Just a few days prior to the World Health Assembly (which is taking place this week, 21st-26th May 2018), the Director-General of the WHO, Dr Tedros Adhanom Ghebreyesus made a global call for action towards a disease that can be eliminated - cervical cancer. He expressed the need for global coordinated action of multilateral agencies and the private sector, who are the manufacturers of vaccines, diagnostics, and treatments.
Cervical cancer is one of the most preventable and treatable forms of cancer if detected and managed early. Yet one woman dies of cervical cancer every two minutes and of those that die, 9 in 10 live in poor countries. The Human Papilloma Virus (HPV) vaccine is very effective and has the ability to save millions of lives (as nearly all cases of cervical cancer are caused by HPV), but access is problematic. Dr Tedros has called for all girls globally to be vaccinated against HPV and that every woman over 30 years is screened and treated for pre-cancerous lesions.
Cervical cancer is a disease of poverty. It is largely preventable through public health interventions such as screening and the HPV vaccination. However, where a woman lives (her country, rural or urban), her socioeconomic status, her status within the family, and the culture she is exposed to will determine whether she develops cervical cancer. These factors will influence how early she presents, and whether she has access to preventative, diagnostic and treatment services.
The decline in cervical cancer incidence and mortality rates seen recently, are due to high income countries effectively implementing screening programs and increasing access to HPV vaccines. Although these countries have strong health systems, they also appear to significantly consider the lives of girls and women within public health policy. These countries with high human development (an index based on lifespan, education and GDP per capita) tend to have less gender inequality. In fact, the Gender Inequality Index (which includes the status of reproductive health, women’s empowerment, and economic status) has shown to be correlated with cervical cancer incidence and mortality. The higher the inequality, the higher the risk of developing and dying from cervical cancer. This means it is not enough for countries to solely focus on strengthening health systems, enhancing supplies or creating access. There is also a need to look at the status of girls and women. Even if there is access to screening, there are still barriers such as lack of privacy, embarrassment, and health care personnel attitudes that greatly affect women’s use of these services.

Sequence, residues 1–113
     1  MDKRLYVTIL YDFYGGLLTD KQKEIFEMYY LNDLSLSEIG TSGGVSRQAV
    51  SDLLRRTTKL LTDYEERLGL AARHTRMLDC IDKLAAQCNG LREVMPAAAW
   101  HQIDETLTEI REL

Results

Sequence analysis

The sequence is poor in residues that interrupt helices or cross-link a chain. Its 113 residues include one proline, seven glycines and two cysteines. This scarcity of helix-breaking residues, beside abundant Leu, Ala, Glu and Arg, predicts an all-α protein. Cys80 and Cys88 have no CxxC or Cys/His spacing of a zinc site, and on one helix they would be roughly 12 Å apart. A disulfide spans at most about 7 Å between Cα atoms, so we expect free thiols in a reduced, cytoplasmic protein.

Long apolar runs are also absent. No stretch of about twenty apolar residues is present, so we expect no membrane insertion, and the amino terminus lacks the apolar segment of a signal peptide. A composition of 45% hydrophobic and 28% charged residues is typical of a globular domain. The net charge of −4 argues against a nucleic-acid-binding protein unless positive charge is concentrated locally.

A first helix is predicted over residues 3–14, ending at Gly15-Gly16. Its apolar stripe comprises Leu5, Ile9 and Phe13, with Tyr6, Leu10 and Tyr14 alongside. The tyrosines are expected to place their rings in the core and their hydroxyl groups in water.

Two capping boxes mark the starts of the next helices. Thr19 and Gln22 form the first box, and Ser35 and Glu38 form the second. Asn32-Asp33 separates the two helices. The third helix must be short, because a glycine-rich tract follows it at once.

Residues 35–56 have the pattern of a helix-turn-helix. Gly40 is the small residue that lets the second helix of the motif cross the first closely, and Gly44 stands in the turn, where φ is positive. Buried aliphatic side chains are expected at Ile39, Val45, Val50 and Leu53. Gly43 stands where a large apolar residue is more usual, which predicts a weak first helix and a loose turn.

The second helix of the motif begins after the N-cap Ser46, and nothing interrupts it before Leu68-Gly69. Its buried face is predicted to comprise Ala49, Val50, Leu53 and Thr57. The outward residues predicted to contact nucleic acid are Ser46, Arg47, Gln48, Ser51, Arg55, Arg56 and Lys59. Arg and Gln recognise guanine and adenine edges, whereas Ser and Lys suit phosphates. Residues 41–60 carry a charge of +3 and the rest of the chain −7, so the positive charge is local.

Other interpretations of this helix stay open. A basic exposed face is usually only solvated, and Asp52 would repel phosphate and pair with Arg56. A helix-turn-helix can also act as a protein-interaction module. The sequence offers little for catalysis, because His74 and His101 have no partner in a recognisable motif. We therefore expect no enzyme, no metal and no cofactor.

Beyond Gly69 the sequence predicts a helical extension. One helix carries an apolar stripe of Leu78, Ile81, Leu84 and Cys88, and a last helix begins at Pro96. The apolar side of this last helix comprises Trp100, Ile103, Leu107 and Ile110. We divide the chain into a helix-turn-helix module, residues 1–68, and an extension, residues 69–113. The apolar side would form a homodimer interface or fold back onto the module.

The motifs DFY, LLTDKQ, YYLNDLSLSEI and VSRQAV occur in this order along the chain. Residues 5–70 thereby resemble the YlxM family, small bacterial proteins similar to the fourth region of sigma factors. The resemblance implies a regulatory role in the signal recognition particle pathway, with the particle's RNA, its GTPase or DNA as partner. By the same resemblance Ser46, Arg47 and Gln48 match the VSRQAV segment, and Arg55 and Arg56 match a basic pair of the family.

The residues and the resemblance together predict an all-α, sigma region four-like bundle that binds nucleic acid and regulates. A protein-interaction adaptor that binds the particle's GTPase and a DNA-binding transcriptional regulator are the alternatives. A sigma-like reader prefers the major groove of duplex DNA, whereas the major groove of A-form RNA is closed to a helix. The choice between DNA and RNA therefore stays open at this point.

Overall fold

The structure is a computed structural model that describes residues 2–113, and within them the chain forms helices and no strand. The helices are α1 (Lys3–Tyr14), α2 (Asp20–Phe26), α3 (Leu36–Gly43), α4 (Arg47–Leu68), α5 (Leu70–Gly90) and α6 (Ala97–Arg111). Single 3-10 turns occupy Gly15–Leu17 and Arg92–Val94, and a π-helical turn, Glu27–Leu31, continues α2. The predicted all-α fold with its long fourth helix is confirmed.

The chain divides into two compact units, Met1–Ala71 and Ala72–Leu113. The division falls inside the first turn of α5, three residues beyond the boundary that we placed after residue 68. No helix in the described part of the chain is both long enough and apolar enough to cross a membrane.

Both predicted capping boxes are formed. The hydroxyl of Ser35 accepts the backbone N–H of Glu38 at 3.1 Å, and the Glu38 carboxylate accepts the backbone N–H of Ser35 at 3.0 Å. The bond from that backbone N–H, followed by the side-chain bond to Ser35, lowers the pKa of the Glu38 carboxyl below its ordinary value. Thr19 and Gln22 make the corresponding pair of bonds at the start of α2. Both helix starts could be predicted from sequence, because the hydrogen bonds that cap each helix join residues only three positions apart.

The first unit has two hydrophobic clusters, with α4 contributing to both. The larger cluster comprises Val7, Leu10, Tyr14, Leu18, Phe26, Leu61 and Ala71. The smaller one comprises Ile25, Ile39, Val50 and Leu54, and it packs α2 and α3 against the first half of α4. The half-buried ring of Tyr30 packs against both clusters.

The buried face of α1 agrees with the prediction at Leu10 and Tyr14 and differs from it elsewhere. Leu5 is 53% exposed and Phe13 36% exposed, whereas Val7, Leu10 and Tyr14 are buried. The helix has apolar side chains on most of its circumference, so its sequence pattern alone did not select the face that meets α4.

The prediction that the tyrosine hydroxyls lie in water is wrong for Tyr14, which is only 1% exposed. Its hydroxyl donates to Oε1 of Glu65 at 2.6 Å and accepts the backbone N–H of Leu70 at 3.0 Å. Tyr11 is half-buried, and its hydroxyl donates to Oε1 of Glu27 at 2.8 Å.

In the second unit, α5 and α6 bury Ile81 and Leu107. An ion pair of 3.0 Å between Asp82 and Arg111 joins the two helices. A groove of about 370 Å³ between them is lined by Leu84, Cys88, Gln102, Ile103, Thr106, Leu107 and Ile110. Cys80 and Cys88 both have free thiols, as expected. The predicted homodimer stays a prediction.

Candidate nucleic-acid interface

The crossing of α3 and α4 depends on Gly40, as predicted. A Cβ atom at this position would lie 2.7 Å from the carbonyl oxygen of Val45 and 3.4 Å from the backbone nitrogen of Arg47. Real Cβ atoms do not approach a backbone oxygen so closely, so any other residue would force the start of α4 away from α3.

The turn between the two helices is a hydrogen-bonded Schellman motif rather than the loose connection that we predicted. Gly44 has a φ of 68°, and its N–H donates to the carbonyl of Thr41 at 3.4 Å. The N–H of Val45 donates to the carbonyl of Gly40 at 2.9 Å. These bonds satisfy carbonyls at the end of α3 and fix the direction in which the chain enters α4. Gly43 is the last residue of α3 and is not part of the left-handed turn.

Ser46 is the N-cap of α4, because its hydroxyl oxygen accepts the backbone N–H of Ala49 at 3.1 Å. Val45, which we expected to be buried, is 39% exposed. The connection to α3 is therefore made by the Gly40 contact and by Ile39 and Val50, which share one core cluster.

Elimination of cervical cancer is not just about partnering with the private sector to increase vaccine supplies, or the development of government screening programs. Screening has to be present with access to the right treatment (such as radiotherapy services of which there is a worldwide shortage), as well as removal of barriers mentioned above. This is particularly vital for those women who already have HPV. We will continue to fail women if we screen them when treatment is not available, or if they feel they cannot access care because they do not trust the health system.
Dr Tedros has highlighted that there is a great urgency to eliminate cervical cancer. However, as well as collaboration, individual governments have to help remove barriers women face when accessing care. Governments need to agree that women’s lives are worth saving, and this requires girls and women to be considered at all levels of decision making, from policy making to point of care delivery.
Identification of anemia in pregnant women is important, since it is an important cause of multiple complications during pregnancy (preterm delivery, low birth weight and perinatal death), so it is recommended to all pregnant women, in the first prenatal visit and at 28 weeks of gestation, the measurement of serum concentrations of hemoglobin and hematocrit as a screening test for anemia.
Prenatal assessment seeks to identify, through clinical history, sociodemographic characteristics, mean blood pressure, Doppler of the uterine arteries and biochemical markers such as pregnancy-associated plasma protein A (PAPP-A) and placental growth factor (PlGF), those women who are at high risk of developing preeclampsia in order to take appropriate measures. that can help reduce that risk.